Mental Health First Aid

Support someone with potential mental health issues

Especially in this time of challenge and upset, stay aware of those around you.  Watch for anyone, young or old, with a mental health issue?  One in three North Americans will experience a mental health illness during their lifetime, yet the signs aren’t always obvious.

Mental health first aid is all about teaching all of us to recognize and respond to signs of mental illness in others, perhaps to help those suffering in plain sight.  It may be a classmate, a workmate, or a family member.

What are the Signs?

You may have heard of conditions such as depression, anxiety, bipolar and schizophrenia.  Each of those signs will show up uniquely in each person.  However, there are some common signs which you can watch for and support those individuals who may be struggling as a listener or supportive advocate.

Any change in someone’s normal behavior or mood could be a sign of deteriorating mental health.

Here are some early signs something may be wrong:

  • They lack interest in hobbies or things they used to enjoy doing
  • They seem tired or have poor concentration
  • They feel angry, anxious, sad or hopeless, for little reason
  • They seem to be having strange thoughts or hearing voices
  • Their appetite, sleep or exercise regime has changed
  • They’ve stopped looking after themselves, such as forgetting to wash or tidy their home
  • They’ve been missing school or work more, or avoiding social situations

How to approach someone dealing with mental health issues

If you think someone you know may be experiencing mental health issues, broaching the subject with them may feel daunting.

It’s important to remember you are doing it because you care, and that even if they react badly or reject the idea, raising the topic with them can be the first step towards them getting help.

Here are some tips to make initiating the conversation easier:

  • Pick the right time and place to have the conversation. Somewhere private, where you won’t be interrupted, is ideal. Studies have shown that engaging in conversations about mental health while doing an activity, such as walking, cycling, or other physical activity helps people to open up.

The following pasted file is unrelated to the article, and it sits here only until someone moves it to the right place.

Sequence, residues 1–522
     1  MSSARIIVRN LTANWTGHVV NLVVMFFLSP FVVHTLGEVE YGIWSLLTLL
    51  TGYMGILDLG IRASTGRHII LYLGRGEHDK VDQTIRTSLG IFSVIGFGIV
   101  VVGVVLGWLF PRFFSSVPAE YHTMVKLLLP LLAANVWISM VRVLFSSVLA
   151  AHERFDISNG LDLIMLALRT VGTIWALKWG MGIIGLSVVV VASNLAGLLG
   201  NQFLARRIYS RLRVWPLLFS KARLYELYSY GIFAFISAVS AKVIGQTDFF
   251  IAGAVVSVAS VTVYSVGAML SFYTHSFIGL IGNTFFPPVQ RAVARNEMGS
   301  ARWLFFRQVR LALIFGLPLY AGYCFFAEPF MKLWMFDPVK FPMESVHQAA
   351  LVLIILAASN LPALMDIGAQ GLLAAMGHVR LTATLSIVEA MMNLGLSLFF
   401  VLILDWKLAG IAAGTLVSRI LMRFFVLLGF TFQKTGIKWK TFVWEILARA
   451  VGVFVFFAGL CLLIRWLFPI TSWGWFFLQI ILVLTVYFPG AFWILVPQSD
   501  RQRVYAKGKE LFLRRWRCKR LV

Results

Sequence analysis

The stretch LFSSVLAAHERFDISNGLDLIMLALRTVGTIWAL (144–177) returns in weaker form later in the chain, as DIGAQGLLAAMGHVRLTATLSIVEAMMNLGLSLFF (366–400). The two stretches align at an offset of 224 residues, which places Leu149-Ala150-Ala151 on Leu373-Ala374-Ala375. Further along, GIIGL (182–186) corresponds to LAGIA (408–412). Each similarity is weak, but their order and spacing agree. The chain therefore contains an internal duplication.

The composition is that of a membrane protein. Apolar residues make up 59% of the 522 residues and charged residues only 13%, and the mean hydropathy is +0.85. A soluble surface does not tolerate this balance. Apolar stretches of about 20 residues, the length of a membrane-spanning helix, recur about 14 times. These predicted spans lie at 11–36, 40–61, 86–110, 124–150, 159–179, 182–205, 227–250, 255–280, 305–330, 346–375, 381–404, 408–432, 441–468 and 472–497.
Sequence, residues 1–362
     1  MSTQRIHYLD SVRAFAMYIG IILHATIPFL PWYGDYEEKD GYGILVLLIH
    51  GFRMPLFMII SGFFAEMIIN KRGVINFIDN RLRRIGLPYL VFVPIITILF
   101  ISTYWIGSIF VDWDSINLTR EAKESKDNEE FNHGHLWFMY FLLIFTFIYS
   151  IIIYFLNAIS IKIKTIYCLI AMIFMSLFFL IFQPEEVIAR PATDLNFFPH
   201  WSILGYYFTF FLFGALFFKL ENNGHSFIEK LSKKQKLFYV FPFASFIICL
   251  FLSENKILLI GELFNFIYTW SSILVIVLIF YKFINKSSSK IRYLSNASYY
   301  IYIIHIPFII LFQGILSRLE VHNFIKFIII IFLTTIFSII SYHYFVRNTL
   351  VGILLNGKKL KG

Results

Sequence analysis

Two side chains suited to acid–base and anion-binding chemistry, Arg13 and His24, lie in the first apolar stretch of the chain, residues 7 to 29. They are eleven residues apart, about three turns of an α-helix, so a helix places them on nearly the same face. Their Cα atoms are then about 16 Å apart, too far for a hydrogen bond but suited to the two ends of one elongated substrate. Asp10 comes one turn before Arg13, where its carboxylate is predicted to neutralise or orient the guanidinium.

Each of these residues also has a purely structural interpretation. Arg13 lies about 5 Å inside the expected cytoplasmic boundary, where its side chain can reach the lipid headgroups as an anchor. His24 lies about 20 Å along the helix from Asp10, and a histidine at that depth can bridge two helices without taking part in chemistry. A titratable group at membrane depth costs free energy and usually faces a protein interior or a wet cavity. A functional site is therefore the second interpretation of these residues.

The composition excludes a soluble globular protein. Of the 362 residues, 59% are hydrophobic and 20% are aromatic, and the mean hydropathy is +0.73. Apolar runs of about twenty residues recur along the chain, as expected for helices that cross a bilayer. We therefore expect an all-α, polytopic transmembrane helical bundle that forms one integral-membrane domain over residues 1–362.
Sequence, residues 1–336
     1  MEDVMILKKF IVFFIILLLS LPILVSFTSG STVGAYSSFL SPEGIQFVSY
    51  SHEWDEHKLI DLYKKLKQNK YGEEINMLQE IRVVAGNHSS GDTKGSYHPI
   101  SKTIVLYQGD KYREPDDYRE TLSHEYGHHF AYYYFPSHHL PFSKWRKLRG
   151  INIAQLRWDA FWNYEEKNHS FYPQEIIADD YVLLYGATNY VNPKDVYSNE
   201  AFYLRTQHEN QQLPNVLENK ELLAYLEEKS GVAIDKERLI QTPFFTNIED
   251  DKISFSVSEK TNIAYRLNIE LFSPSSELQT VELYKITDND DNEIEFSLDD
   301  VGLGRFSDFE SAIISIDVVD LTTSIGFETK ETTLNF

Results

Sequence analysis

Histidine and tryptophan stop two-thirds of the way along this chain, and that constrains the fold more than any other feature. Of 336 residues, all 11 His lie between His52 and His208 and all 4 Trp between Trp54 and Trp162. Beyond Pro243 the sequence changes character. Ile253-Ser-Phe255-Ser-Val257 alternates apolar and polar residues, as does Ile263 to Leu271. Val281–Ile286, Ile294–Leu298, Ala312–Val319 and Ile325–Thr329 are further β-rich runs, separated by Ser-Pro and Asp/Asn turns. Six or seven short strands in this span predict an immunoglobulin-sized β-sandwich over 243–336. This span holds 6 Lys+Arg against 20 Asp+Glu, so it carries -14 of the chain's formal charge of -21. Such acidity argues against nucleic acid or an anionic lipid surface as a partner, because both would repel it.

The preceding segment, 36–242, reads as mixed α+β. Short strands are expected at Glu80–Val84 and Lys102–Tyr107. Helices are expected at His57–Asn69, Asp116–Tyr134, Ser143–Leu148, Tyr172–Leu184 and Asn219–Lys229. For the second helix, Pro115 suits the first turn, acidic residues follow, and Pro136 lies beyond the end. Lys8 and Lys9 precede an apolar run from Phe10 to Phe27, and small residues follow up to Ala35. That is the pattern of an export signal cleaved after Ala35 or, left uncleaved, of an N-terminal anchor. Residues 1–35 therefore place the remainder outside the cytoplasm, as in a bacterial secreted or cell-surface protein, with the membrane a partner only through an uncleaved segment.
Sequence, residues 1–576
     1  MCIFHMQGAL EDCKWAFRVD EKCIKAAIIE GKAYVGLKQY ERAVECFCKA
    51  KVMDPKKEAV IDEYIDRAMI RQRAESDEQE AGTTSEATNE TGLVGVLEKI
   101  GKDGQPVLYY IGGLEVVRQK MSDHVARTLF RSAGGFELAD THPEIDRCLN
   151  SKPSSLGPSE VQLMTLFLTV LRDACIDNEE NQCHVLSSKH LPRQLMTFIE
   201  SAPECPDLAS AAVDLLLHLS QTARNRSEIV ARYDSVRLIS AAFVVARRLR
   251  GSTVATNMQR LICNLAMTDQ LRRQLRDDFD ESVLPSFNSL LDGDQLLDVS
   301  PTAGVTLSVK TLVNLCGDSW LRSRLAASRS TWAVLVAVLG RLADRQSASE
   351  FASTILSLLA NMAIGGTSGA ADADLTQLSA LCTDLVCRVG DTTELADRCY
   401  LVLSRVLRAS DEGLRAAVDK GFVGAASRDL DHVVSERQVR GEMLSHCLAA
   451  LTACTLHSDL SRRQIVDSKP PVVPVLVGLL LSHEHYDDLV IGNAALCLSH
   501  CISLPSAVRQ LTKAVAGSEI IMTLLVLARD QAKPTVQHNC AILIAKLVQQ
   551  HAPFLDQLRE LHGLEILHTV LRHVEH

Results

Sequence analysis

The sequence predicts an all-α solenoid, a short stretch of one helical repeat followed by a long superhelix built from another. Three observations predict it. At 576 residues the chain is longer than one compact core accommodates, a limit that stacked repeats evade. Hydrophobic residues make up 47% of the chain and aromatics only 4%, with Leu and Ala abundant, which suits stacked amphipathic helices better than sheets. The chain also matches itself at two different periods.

• Perhaps as a follow up to a Co-Listening session.  Ask them how they’re feeling.  It might sound simple, but it’s easier if they mention worries about their own mental health, rather than you project your concerns onto them. If they begin to open up, listen non-judgmentally and ask open questions to help them explore their own feelings
  • If they haven’t alluded to any issues with their mental health, gently tell them you have concerns, and explain what has led you to believe this. If they deny any problem, don’t push it – you don’t want your relationship with the individual to break down.
  • You can always try again another time, but its important they still feel able to talk to you.

Getting Help

Once someone has opened up about their mental health, it’s important to be able to help them with the next steps, both in directing them to sources of support and helping the person to engage with it.  It can be overwhelming though, and so as someone in a supporting role, there are things you can do to make it easier. Offer to make the first appointment for them, or offer to accompany them to the doctor/clinic/hospital.

Encouraging them to adopt a healthy lifestyle, getting plenty of exercise, sleep and nutritious foods, can do wonders for someone’s mental health. You can also provide emotional support, playing an important role in ensuring the person doesn’t feel alone.

It’s important to keep yourself healthy through all this, as it can take a toll on your own mental wellbeing. All the resources are also available for those supporting another person.

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